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Solitary Confinement

Definition of Solitary confinement

Solitary confinement is a form of punishment in prisons, most used in the United States, subjecting prisoners to live in small cells with little or no contact with other people. It is often used as a punishment for inmates that are deemed dangerous to themselves, others, or the prison itself. It can also be used as a protective technique for prisoners who face danger from other inmates.

Origins of Solitary Confinement

Solitary confinement started in the 1800s when it was theorised that prisoners in solitary confinement would use the time to repent their sins. This was due to a popular philosophical theory called the “Split Mind Theory”, which believes that in your body, there are two selves: your own self, and your “ideal self”, which is the voice in your head that tells you when you’re doing something wrong. Therefore, if someone was put into solitary confinement, the consensus was that they would talk to their ideal self and repent.

Early days of Solitary Confinement

However, this was proved wrong quickly, when many inmates that had undergone solitary confinement came back out with many mental disorders, which even led to the US Supreme Court declaring in 1890 that solitary confinement was dangerous, even stating that “a considerable number of the prisoners fell, after even a short confinement, into a semi-fatuous condition.”

But during the 1960s, solitary confinement restarted, and currently, 20% of all prisoners and 18% of jail inmates have spent time in solitary confinement, the process quickened due to the rising of supermax prisons.

A report in 2017 by the Queen’s Inspectorate of prisons said that even children were subject to solitary confinement.

Mental health effects of Solitary Confinement

A large pool of research has definitively concluded that solitary confinement can cause adverse psychological effects, which include: anxiety, stress, paranoia, poor impulse control, social withdrawal, hallucinations, self-harm or suicide etc.

In addition, Professor Lisa Guenther argues that inmates almost never come out better, and are only ever harmed by the experience, some even losing their minds and abilities to interpret their own experiences.

While it is not clear why this actually happens to inmates of solitary confinement, a theory that has been raised is of the fact that we humans have a “collective” mind, that we must need someone else to confirm our existence and our perceptions, a theory also stated in the famous play, “No Exit.”

Professor Guenther writes that, “If one is deprived for long enough of the experience of other concrete persons in a shared or common space, it is possible for one's own sense of personhood to diminish or even collapse, while the transcendental ego, or the pure capacity for experience, remains. Without the concrete experience of other embodied egos oriented towards common objects in a shared world, my own experience of the boundaries of those perceptual objects begins to waver. It becomes difficult to tell what is real and what is only my imagination playing tricks on me. I may begin to hallucinate, spontaneously generating an experience of imaginary others in the absence of concrete bodily relations, or I may have less dramatic, but no less unnerving, perceptual distortions, like the Supermax prisoners for whom the wire mesh on their door begins to vibrate or the surface of the wall seems to bulge.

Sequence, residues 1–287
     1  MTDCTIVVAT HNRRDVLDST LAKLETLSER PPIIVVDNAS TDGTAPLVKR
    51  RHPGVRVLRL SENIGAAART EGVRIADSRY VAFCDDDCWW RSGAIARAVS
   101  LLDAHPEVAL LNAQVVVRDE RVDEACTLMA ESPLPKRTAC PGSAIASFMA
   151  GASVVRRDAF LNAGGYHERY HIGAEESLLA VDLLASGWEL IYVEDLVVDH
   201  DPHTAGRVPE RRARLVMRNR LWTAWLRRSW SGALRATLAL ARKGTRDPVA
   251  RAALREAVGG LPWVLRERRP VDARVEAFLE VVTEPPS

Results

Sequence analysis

Guenther continues to say, “There are many ways to destroy a person, but one of the simplest and most devastating is through prolonged solitary confinement. Deprived of meaningful human interaction, otherwise healthy prisoners become unhinged. They see things that do not exist, and they fail to see things that do. Their sense of their own bodies, even the fundamental capacity to feel pain and distinguish their own pain from that of others, erodes to the point where they’re no longer sure if they’re being harmed or harming themselves.”

Case study: Robert King

Robert King was a Black Panther who was imprisoned in a cell that was 6 feet by 9 feet for 29 years, for a murder he didn’t even commit, and when he was asked about the experience, this is what he said,” When I walked out of Angola, I didn't realize how permanently the experience of solitary would mark me. Even now my sight is impaired. I find it very difficult to judge long distances, a result of living in such a small space. Emotionally, too, I found it hard to move on. I talk about my 29 years in solitary as if it was the past, but the truth is it never leaves you. In some ways I am still there.”

Other problems with Solitary Confinement

Solitary confinement, as well as the prison population in general, is subject to much racial bias. Black people and Hispanic males account for a larger amount of people in solitary confinement compared to the general prison population.

Solitary confinement has been likened to torture, the UN Committee against torture stating that full isolation for 22–23 hours a day in super-maximum security prisons is unacceptable and the UN banning the use of solitary confinement for longer than 15 days- which many US states do not follow, some even giving solitary confinement to prisoners for mild offenses, like abusive language.


Guenther, Lisa. Solitary Confinement: Social Death and Its Afterlives. Univ. of Minnesota Press, 2013.

"History and Health Consequences of Solitary Confinement." 19 Nov. 2018,

"Effects of solitary confinement on mental and physical health." 6 Aug. 2020,

Researcher: Megan


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